Sometimes, communication in the workplace sucks. That's real life.
And despite their responsibility to lead the team and reduce miscommunication, managers and supervisors are often the worst. Don't be surprised if your organization struggles with communicating clearly and effectively: according to recent research, only half of all workplace conversations can be described as "great."
We took to Reddit to find the worst miscommunication examples—and we promise you won’t be disappointed.
"I had a boss who refused to let me take an "unplanned vacation" to see my grandma on her deathbed. I quit on the spot." - ostentia
"I once worked at a company where the CIO sideswiped a woman's car as she pulled into a parking space. The woman who had the car that got hit got out and stood beside her car to see what damage was done. The CIO got out of her Mercedes and brushed right past the woman without so much as speaking to her. Completely ignored her and walked away. Even with witnesses."- lets_start_a_cult
"Nothing was ever said to me in a normal tone of voice...if it wasn't sarcasm, it was condescending. EVERYTHING was condescending. Nothing I ever did was right; if a Fed-Ex envelope was sealed even the tiniest bit crooked, I got yelled at and scolded for being messy. If it was perfectly straight? I got asked 'Did you use a ruler to get that line? What, can't you just close an envelope like a normal person?'
Forget trying to have any sort of regular conversation with the guy. If I agreed with him, he would sneer and say things like 'That's how you really feel? Yeah, right,' or if I asked a question, I got 'figure it out yourself. You're so SMAAAART.' That still haunts me...the way he used to draw out SMAAART in my face." - prdxthrowaway
"Half the time after my shift my supervisor would come to me and go 'Hey we don't have any cart guys scheduled to come in soon, mind going out and getting every cart from the parking lot and bring it up to the return?' Of course I say yes because it's not really a question so much as a 'do this or do it after an argument.'" - tatsuedoa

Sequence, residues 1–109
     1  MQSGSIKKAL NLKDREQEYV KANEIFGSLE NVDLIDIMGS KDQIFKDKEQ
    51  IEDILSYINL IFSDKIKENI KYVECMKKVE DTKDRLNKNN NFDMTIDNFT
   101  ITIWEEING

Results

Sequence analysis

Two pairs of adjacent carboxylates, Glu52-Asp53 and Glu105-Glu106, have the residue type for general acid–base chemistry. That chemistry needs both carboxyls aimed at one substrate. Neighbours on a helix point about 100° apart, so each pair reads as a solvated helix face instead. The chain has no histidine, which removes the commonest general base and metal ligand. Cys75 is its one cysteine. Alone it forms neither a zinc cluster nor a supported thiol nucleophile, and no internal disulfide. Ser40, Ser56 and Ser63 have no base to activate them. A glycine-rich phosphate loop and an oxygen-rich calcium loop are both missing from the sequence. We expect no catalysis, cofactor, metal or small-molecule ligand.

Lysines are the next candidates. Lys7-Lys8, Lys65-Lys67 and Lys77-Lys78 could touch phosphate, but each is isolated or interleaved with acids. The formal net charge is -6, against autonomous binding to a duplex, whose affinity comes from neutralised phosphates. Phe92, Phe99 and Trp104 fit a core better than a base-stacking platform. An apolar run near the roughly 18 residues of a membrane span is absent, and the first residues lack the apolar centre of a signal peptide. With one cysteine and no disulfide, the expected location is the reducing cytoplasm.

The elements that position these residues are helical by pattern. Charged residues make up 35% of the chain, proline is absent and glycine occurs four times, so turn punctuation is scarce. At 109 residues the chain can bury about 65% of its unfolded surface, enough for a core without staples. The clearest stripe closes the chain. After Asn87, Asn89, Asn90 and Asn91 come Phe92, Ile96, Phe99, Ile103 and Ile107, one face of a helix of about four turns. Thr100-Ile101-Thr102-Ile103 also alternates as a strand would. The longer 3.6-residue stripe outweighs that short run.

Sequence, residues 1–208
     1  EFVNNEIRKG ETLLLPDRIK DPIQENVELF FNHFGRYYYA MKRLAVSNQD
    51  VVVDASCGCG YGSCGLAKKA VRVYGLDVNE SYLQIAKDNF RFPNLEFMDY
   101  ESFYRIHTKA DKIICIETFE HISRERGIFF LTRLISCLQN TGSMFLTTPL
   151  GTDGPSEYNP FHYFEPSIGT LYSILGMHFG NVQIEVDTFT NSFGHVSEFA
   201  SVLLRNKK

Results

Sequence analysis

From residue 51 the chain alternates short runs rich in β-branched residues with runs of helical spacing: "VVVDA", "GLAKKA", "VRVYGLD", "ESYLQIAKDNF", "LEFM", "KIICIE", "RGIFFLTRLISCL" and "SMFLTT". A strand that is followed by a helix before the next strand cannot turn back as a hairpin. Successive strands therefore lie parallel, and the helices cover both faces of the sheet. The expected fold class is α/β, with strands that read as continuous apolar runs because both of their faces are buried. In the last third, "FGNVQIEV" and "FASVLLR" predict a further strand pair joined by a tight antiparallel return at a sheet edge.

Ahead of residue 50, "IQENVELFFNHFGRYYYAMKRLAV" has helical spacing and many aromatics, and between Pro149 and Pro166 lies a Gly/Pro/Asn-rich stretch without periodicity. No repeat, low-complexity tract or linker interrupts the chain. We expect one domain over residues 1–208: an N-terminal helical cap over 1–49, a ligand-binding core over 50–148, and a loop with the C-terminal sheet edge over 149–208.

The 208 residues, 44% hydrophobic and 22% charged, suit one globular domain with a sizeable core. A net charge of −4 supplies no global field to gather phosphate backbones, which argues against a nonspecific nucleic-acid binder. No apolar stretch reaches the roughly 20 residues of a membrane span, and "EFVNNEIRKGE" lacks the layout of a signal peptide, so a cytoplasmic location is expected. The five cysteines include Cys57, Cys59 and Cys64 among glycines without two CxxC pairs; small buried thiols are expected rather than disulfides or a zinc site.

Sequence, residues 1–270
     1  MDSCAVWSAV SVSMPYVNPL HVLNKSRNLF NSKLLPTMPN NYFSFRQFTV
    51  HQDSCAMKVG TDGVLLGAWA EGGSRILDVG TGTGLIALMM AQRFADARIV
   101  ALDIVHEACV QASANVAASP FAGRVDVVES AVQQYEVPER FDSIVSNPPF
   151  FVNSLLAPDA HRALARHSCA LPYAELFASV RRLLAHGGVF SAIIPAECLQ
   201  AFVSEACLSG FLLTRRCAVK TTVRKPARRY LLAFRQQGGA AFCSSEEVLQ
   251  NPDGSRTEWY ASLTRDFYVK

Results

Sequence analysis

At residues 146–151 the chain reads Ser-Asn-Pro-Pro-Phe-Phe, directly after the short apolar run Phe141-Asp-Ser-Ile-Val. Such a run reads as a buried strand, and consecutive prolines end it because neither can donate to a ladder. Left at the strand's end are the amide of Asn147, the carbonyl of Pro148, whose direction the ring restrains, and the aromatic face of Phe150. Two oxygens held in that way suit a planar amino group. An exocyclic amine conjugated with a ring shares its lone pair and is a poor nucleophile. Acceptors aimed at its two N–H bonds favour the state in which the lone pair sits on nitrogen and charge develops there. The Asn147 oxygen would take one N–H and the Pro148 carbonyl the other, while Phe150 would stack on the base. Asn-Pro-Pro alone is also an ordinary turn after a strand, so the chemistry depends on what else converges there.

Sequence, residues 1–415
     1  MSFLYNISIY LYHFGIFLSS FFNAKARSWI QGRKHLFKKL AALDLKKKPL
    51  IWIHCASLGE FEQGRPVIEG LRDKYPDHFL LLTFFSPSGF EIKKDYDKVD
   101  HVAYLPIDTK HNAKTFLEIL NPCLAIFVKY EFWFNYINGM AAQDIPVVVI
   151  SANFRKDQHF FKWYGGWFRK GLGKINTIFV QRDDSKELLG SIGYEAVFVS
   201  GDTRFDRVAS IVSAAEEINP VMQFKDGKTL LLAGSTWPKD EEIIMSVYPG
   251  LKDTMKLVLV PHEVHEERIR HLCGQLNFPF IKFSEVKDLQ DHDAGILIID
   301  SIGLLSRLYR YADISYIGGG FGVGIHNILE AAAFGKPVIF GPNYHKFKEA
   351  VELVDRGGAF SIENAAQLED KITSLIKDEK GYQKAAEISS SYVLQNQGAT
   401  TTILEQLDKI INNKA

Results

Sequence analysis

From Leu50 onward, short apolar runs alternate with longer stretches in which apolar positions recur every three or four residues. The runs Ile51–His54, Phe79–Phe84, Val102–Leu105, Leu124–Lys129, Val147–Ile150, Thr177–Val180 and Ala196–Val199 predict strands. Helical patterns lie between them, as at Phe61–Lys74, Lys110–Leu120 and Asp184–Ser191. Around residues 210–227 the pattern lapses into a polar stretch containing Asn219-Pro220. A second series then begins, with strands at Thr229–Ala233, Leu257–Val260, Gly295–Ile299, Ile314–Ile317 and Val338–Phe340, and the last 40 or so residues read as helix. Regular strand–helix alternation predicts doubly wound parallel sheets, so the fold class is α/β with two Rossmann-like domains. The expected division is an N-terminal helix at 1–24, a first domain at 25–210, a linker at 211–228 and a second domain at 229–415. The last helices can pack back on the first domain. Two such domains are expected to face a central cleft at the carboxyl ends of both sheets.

"The vice president told me I was being disrespectful during a conversation. I asked how and she told me that I 'knew what I was doing'. I asked again, stating that I had asked because I didn't actually know and was told she didn't have time for me because 'I know what you're doing and I don't have time for this.' You're the vice president, not a 15-year-old angry at her boyfriend." - thatskyguy
"It's just that he's never around. Ever. Whenever you need him, he's not in the office, not in the building, and his car is gone." - 1800fullytorqued
"His department spanned multiple disciplines of engineering though he only had any clue what was going on with the electronic group (not my group) so he was clueless about specifics. This isn’t a bad thing as a manager should be familiar with how things are done generally and not need to know the specifics in each case. Regardless he acted as if he was the supreme authority on everything and would get personally involved with big issues.
Instead of actually helping though he would berate people if they didn’t solve problems fast enough in his opinion. If a reasonable amount of time to fix an issue was 3 days he would start calling you an idiot if it took you more than 4 hours and the next day would call your whole family morons." - [deleted]
We hope none of these situations are happening in your office—but honestly, we wouldn't be surprised if they are. Download The State of Miscommunication to see why workplace communication sucks and what your organization can do about it.